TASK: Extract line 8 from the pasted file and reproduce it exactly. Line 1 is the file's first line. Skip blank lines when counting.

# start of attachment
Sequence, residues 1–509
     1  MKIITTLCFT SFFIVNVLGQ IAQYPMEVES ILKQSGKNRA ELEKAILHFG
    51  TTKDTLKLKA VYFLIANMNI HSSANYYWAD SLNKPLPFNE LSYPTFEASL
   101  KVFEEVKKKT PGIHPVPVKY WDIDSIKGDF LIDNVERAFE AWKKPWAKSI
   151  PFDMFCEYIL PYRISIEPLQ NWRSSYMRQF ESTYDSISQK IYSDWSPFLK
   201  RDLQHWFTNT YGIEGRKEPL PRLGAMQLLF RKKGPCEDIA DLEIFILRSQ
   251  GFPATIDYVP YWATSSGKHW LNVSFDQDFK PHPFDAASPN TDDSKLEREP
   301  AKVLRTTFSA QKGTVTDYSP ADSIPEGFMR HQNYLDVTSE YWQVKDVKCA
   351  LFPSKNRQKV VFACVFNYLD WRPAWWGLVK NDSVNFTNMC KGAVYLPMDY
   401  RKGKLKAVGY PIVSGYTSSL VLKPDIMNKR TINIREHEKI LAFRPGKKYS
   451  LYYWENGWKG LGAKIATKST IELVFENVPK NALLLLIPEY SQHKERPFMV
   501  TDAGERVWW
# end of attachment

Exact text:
   301  AKVLRTTFSA QKGTVTDYSP ADSIPEGFMR HQNYLDVTSE YWQVKDVKCA